To Your Good Health

By: Dr. Keith Roach

To Your Good Health

Dr. Roach answers reader questions on disease, public health and sports medicine. 5TW

An informative and educational column on infectious diseases, public health and sports medicine by Dr. Keith Roach, a highly respected physician at Weill Cornell Medical College and New York Presbyterian Hospital.

[dr-keith-roach-with-bkg6-307x360] Dr. Keith Roach graduated from the University of California, Berkeley, with a degree in molecular biology. He earned his M.D. at the University of Chicago, and did his internship and medicine residency training there.

In 2000, Dr. Roach moved to New York, joining the faculty at Weill Cornell Medical College and New York Presbyterian Hospital as an Associate Attending Physician and Associate Professor of Clinical Medicine. He has won every major teaching award offered by that institution. He also served as program director for the primary care internal medicine training program.

The focus of his research is in the prevention of disease with rational use of screening technology and with tools that empower people to make lifestyle choices that improve not only their health but their life expectancy. Dr. Roach also serves as Chief Medical Officer for Enforcer eCoaching, a company dedicated to giving individuals specific daily coaching on improving diet, smoking cessation, weight loss and exercise.

Dr. Roach lives in Larchmont, N.Y. with his wife, Dr. Victoria Muggia, M.D. (a specialist in infectious disease), and their three teenagers, David, Hannah and Jonathan. Dr. Roach is a competitive triathlete.

The email address [email protected] is available directly for readers to leave feedback or ask questions of Dr. Roach.

Pulmonary embolus is a clot that travels to the lungs

July 11, 2017 - 10:30pm

DEAR DR. ROACH: A colleague of mine recently had a pulmonary embolus at age 45. She is otherwise healthy. What must she be concerned about? -- N.R.

ANSWER: A pulmonary embolus is a blood clot that travels to the lung. Although they can originate in any large vein, they most commonly come from the deep veins of the pelvis and thighs. The clots can break off with or without physical activity, and they usually travel through the right side of the heart into the lungs.

Drug-eluting stent makes knee surgery a no-go for now

July 10, 2017 - 10:38pm

DEAR DR. ROACH: I need an objective opinion. I'm an active 75-year-old male who had two drug-eluting stents placed in my heart approximately seven months ago. I have noticed no difference. I have low blood pressure and feel just fine. As a result of the stents, I have been taking 90 mg of Brilinta twice a day since the procedure. Recently, an old injury to my knee flared up, creating a great deal of pain and discomfort. It has not gone away as it usually does.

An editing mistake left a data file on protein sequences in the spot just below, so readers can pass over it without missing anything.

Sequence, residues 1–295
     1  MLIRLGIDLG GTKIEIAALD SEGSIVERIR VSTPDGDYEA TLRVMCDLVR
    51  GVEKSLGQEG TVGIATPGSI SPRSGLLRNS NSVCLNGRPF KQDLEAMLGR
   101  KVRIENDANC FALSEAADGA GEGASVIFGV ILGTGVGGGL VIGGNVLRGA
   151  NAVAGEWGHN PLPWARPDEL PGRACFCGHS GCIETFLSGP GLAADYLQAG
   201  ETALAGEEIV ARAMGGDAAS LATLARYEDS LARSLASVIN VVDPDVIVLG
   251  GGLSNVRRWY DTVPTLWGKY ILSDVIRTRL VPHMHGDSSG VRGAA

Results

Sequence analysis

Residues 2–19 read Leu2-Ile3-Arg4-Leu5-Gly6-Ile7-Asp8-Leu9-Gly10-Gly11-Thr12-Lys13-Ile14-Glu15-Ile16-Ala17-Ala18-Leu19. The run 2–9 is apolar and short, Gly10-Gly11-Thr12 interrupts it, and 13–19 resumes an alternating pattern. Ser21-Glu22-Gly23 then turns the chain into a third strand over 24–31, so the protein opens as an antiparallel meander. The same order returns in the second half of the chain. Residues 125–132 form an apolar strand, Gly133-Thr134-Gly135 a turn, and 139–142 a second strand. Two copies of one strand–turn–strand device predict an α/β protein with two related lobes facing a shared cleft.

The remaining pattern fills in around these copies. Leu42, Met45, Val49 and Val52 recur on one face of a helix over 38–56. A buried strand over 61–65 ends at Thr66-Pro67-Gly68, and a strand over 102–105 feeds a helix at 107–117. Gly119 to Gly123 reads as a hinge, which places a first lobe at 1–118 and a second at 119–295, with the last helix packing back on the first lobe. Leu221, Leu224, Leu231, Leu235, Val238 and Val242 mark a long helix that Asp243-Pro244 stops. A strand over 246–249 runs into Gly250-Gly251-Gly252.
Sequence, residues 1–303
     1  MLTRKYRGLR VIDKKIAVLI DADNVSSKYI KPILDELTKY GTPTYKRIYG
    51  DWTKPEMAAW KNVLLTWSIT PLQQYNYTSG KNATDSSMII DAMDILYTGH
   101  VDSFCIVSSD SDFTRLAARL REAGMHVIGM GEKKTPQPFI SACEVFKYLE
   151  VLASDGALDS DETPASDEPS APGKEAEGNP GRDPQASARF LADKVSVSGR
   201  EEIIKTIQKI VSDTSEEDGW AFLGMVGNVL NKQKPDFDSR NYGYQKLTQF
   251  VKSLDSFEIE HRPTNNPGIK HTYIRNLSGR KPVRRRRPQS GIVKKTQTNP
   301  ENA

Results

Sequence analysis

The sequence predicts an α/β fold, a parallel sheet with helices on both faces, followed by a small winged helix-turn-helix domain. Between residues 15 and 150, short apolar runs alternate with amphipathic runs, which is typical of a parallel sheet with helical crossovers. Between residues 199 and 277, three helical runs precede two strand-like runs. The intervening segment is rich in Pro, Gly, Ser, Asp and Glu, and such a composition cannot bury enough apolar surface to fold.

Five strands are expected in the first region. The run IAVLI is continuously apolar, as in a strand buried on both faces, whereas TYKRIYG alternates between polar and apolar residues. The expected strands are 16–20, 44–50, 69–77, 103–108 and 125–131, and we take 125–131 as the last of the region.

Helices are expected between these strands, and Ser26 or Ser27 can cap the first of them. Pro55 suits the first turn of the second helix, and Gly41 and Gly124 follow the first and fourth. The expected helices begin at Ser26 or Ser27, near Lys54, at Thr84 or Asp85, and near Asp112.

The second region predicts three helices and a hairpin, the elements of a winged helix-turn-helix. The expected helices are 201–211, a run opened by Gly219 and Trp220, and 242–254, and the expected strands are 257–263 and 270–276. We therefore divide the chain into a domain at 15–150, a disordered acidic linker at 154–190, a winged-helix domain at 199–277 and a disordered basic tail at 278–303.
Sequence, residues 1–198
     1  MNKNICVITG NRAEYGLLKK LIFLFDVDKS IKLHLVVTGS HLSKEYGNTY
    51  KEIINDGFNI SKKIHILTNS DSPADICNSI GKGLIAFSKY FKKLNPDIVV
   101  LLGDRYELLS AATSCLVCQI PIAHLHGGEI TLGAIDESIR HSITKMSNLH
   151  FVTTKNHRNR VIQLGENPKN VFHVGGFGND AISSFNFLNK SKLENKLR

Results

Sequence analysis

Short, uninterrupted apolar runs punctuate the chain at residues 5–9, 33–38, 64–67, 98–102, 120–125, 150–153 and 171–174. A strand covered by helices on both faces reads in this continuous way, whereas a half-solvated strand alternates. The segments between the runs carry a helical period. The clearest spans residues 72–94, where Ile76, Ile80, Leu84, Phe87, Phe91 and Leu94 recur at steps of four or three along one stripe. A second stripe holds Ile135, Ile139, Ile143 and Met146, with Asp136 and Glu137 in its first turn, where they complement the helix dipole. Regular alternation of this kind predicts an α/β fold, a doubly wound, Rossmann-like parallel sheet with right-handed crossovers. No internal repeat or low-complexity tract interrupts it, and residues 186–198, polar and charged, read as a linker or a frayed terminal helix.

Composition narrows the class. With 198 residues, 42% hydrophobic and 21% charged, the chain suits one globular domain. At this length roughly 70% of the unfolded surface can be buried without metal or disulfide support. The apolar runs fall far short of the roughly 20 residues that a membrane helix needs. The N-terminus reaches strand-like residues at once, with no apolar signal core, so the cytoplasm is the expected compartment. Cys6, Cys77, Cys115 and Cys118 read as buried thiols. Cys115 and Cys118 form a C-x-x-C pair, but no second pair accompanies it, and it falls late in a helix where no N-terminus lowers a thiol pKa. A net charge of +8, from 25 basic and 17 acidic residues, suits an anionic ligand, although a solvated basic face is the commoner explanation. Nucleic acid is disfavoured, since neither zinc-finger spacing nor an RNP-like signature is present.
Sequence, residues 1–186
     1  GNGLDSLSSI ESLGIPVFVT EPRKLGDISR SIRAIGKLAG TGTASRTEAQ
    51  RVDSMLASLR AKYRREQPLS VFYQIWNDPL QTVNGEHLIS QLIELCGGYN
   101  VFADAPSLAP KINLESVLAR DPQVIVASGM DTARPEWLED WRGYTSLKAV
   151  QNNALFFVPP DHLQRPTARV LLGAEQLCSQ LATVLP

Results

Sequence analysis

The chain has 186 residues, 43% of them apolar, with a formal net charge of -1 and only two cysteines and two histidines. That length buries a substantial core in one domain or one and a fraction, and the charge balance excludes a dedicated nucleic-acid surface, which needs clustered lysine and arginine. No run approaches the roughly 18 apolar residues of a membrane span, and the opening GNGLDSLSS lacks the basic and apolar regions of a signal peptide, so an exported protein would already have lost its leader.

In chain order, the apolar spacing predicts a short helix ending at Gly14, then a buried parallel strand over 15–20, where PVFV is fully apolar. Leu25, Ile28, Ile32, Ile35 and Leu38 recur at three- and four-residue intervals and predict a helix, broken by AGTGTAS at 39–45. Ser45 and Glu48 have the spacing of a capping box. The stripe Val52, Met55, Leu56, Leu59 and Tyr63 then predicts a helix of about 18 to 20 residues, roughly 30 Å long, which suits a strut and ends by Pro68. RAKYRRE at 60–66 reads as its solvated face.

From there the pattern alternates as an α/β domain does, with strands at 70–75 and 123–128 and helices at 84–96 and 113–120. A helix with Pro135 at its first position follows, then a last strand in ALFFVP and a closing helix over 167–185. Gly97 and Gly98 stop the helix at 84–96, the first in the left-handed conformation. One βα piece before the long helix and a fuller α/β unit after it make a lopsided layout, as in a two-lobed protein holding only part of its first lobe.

Tips for applying testosterone gel

July 6, 2017 - 9:17pm

 DEAR DR. ROACH: I am an 84-year-old male. I recently switched from testosterone patches to AndroGel. My testosterone levels have gone up considerably, and I have seen some improvement in my erectile dysfunction. I suspect just a little more testosterone might get me a usable erection.

My physician said to rub the gel into my shoulder. She could not explain how it gets through the skin. Am I literally rubbing it in? Would more pressure push it through the skin better?

When is it OK to stop getting Pap smears?

July 5, 2017 - 9:00pm

DEAR DR. ROACH: I am a widow in my early 70s and am not sexually active. I had my last Pap smear and complete gynecological and breast exam in 2014. My Pap smear was negative, and my gynecologist said she didn't think I'd need Pap smears anymore since they had been negative for over 10 years. I was relieved to hear that, since I have vaginal atrophy and find the ovarian exam and Pap smears to be very painful.

In 2015 I returned for just the ovarian and breast exams. No problems were found.

Testosterone treatment reserved for men with symptoms

July 4, 2017 - 10:11pm

 DEAR DR. ROACH: I am a 70-year-old male. I receive testosterone injections (in the butt) from my provider every three weeks, and have been receiving these injections for roughly five years. My provider reviews my bloodwork every six months before he writes a prescription renewal for testosterone, which I then take to his office for safekeeping and the regular injections.

Is color a sign of infection in nasal secretions?

July 3, 2017 - 9:00pm

      DEAR DR. ROACH: I'm almost 84, and all my life I have had a problem with sinusitis. Never headaches, just post-nasal drip and use of multiple tissues. (I really should buy shares in tissue companies, as I'd rather leave home without my clothes on than without a couple of tissues.) I blow my nose an awful lot.

       Anyway, I have always thought that yellow mucus was a sign of infection, but recently my doctor assured me that the color is no longer considered an issue, unless it is a very dark brown. Do you agree with that opinion? -- V.M.

High resting heart rate requires investigation

July 2, 2017 - 8:19pm

DEAR DR. ROACH: My resting heart rate is between 90 and 120, averaging 106 over the past week. I feel no pain or discomfort, but even mild exercise causes my heart rate to shoot up. I have had bloodwork (including thyroid levels), an electrocardiogram (Holter monitor), an echocardiogram and a treadmill stress test. All of the tests show no signs of heart problems except for tachycardia. I am taking several medications, including Fetzima and Abilify. Is it likely that one of the medications is causing my problem?